Details, details! In our next installment of the way-too-long review of MotUC Castle Grayskull, we take a look at the details of the outside of the castle. Join me, won't you?
Oh the magic those Four Horsemen can spin! Do you remember EVERY DETAIL about the vintage Castle Grayskull? No? Well I don't blame you, I mean, why would you? What are you, an art critic? You ARE? Well you're in luck, because LOOK AT THIS MAJESTY:
Near or far, that door is a masterpiece. I want to kiss it, and frequently do, when people are watching. I want everyone to be aware of my love (don't worry, there's no video of that). I may not have been aware of every little detail on the vintage castle, but I do remember that door! It's great to see the realistic wood grains and the pitted metal of the hinges and and bolts. The crest is even painted with a bit of green to give it that old copper look. I love this door. I want it as the door to my house - I don't even need a castle with it (but I certainly would appreciate a castle, lemme tell ya).
And it wouldn't be Grayskull without the skull. We're back to the old fashioned neutral skull - unlike the 200X one that was just pissed. The classic skull wards off the denizens of Eternia not with fear, but with foreboding. You know something could go wrong, if you tried to get in there. The skull says that much. But the basic neutrality of the skull face gives you no feedback beyond the plain idea of death. It's not angry, it's not even looking at you. It's staring off into the distance, as if you weren't even a concern. You can't touch this castle. You weren't meant for it. Be gone.
Now this is a remake of the vintage castle - BUT - it's also got some new additions! You see, there were a bunch of details on the prototype of the vintage castle that never made it to production, so they added them in, here.
In the proto, they planned to have an extra cardboard "moat" around the castle. They didn't add the same thing, but they did build up around the castle edge, to give it a bit more bulk at the bottom. You also may notice a "pawn" at the top of the skull's dome. They added this as well!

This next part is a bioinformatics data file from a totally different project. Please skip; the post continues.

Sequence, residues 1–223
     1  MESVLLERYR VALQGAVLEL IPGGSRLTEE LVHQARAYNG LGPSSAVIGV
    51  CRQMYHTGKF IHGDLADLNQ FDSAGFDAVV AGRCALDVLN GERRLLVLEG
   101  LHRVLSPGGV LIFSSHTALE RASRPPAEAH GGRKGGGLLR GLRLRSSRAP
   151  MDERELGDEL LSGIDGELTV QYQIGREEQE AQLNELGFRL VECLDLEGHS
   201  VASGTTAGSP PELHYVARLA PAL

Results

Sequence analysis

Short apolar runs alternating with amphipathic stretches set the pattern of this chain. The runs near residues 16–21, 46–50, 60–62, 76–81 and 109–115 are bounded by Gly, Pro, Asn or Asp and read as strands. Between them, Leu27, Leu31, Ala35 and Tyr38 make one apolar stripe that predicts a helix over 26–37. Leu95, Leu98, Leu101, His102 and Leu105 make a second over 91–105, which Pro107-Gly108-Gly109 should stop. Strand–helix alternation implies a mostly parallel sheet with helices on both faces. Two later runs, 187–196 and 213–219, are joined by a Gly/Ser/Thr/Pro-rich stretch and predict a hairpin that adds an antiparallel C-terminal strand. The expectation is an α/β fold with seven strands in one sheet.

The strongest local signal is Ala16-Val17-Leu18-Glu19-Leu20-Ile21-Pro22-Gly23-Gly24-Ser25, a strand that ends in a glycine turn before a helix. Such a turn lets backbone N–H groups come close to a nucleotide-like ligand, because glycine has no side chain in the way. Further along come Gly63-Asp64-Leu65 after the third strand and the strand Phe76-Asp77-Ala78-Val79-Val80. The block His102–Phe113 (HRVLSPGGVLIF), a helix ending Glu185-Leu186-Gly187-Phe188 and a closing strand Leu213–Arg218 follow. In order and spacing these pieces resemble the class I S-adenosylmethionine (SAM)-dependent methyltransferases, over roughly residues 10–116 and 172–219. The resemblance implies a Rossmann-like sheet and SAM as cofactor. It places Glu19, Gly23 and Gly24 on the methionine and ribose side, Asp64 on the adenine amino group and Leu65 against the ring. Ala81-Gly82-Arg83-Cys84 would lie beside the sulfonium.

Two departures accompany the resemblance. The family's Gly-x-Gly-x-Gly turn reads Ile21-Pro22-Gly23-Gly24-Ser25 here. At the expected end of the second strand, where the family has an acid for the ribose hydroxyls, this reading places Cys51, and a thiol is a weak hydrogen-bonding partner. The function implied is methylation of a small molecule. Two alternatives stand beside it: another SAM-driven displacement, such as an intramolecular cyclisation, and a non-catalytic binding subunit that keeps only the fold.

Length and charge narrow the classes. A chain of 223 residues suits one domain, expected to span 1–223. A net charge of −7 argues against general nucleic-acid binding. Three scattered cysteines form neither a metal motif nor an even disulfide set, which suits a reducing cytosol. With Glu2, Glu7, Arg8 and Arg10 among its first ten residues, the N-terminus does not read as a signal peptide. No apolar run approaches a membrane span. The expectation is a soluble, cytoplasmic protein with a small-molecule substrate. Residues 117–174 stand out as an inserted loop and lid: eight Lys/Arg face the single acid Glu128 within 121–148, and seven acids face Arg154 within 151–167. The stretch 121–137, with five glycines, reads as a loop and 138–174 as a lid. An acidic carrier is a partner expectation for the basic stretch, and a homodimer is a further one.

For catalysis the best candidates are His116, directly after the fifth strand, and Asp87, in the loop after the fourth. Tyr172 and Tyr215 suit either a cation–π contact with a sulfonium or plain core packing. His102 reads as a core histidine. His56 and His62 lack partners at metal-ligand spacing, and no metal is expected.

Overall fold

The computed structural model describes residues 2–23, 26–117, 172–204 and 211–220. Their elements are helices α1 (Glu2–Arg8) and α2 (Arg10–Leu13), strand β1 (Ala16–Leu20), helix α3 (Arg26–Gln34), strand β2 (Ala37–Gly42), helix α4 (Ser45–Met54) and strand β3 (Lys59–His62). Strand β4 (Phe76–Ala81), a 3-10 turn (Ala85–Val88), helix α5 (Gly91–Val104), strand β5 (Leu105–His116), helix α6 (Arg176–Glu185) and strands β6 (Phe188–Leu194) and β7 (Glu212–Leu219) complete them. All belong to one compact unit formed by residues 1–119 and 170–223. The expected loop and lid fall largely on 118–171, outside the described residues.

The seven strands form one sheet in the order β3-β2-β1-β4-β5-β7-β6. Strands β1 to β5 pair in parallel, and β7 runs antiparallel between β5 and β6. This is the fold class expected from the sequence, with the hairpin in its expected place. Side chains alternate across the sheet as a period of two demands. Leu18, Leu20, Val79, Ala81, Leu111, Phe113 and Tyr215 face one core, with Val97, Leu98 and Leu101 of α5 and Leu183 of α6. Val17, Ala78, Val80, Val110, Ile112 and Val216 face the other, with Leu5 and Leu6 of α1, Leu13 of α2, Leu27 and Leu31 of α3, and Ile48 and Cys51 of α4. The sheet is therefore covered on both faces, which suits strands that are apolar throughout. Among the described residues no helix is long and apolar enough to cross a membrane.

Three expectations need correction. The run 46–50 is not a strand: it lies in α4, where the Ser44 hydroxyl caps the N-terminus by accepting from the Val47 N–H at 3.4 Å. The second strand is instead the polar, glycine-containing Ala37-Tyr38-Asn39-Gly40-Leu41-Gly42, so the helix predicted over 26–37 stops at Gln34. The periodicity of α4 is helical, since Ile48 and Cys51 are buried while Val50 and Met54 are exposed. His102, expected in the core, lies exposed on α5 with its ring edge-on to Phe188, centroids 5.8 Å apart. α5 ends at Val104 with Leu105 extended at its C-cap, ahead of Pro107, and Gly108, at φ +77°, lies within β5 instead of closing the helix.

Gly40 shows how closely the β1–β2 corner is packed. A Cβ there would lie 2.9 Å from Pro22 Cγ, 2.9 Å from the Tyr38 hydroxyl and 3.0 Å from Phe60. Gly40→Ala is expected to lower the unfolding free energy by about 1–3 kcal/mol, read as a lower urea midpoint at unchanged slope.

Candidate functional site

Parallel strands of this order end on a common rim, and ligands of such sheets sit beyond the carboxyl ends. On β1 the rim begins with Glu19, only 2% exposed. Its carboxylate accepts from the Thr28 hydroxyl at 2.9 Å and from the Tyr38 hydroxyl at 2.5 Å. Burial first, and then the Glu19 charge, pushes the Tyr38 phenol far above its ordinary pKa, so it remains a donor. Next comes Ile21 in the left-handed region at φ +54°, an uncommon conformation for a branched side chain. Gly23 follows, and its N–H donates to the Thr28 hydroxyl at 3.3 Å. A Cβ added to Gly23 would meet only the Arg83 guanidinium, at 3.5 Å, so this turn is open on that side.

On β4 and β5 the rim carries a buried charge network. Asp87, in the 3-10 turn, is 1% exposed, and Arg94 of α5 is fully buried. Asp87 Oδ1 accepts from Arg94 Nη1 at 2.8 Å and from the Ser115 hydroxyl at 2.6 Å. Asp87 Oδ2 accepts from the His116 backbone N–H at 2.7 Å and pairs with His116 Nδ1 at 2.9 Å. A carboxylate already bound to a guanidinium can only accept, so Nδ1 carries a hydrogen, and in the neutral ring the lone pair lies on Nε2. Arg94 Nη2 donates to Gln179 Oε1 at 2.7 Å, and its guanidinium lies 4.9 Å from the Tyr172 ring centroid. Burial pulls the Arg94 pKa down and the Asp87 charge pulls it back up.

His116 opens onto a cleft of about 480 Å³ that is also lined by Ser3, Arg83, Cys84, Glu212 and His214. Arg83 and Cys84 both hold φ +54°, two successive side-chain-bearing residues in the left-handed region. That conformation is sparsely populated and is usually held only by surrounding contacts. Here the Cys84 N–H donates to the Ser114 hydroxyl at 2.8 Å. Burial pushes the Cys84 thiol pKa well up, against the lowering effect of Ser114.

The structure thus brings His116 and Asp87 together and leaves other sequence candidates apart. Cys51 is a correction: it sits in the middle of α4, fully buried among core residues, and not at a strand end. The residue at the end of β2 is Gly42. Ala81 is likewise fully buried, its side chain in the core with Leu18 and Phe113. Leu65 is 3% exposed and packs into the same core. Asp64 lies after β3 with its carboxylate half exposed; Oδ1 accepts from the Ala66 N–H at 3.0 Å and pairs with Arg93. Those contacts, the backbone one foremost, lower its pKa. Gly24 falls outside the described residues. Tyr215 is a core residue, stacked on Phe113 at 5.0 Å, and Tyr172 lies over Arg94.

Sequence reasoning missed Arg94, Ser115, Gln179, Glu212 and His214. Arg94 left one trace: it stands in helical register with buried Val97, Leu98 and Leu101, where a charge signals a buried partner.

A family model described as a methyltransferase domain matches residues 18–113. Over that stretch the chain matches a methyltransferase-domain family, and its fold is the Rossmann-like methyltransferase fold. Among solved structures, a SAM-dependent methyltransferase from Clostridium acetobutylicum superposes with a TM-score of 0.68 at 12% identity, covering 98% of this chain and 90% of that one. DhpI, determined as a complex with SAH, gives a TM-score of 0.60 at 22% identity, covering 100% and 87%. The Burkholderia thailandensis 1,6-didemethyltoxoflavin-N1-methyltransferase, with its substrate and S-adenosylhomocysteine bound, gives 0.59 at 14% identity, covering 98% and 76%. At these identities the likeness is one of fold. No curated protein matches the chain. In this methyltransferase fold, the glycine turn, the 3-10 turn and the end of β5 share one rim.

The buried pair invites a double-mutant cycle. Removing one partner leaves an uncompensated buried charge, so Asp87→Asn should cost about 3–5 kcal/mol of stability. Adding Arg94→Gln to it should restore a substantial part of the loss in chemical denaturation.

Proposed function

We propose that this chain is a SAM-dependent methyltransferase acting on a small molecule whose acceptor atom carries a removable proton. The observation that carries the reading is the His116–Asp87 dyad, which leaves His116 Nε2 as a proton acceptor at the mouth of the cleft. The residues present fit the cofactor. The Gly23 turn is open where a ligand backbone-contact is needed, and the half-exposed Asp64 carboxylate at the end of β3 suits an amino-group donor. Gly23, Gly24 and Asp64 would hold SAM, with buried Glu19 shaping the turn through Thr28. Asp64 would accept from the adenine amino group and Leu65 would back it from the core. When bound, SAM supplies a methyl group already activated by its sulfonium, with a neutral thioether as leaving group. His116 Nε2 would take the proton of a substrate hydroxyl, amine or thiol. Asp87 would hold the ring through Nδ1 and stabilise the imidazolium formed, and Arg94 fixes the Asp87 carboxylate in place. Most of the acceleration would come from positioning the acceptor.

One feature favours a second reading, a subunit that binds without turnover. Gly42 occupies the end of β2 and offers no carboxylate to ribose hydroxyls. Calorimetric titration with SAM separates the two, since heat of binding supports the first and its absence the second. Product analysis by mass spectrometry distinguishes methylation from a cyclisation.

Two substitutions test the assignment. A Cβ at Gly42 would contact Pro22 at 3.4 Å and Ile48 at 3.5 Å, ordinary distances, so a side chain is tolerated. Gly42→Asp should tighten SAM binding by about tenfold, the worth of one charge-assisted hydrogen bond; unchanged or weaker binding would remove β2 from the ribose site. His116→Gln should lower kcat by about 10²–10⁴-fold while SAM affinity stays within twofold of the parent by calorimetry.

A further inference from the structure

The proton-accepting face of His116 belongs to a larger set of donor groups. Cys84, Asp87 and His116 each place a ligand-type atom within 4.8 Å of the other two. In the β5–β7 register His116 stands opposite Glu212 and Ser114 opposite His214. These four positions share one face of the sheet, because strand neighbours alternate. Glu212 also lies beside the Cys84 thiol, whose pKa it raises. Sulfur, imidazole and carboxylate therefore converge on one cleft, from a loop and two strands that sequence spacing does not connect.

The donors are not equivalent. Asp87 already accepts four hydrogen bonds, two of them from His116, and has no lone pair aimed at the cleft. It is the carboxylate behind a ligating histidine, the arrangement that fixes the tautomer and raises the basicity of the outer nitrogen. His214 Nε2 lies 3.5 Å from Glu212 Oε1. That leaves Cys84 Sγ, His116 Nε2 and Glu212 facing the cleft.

But, of course, if the prototype look isn't your thing, you can remove the pawn for the classic look.
You'll be left with a hole on top, though. I thought it would have been cool to add a little flat piece to cover the hole, but it still works as-is. Heck, though: I like the pawn! Doesn't look out of place one bit.
Another classic detail I've always liked is the little window. It sticks out to me because of an old MotU flashlight I had. It was designed to look like a tower from Grayskull, with the light emitter looking like the circular parapet and the on/off switch looking like that window. I always liked that!
The ledge is another detail from the prototype. I love it, but it is a bit too small to reliably pose figures on it and expect to leave them without falling. It's more of a play-value kind of thing, because I'm sure it would be fun for kids to use. Also, it just looks cool.
Now lets move on to the back and check out that sweet be-hind.
Now the back is where the little details are at! I loved that they added to much to the back of the 200X castle. This one had a bit less, but they've brought out all those original details, made the wood parts wood-colored, and even made the tiny window into a real one! They also turned the top area into a full handle. It's optional, meaning: You don't have to put it on, but if you DO, you can't really get it off easily. Personally, I think it looks naked without it. They molded it to look like part of the castle, and I think it is perfectly successful to that effect. Especially since the handle half has the top of the windows, completing the original look of the back.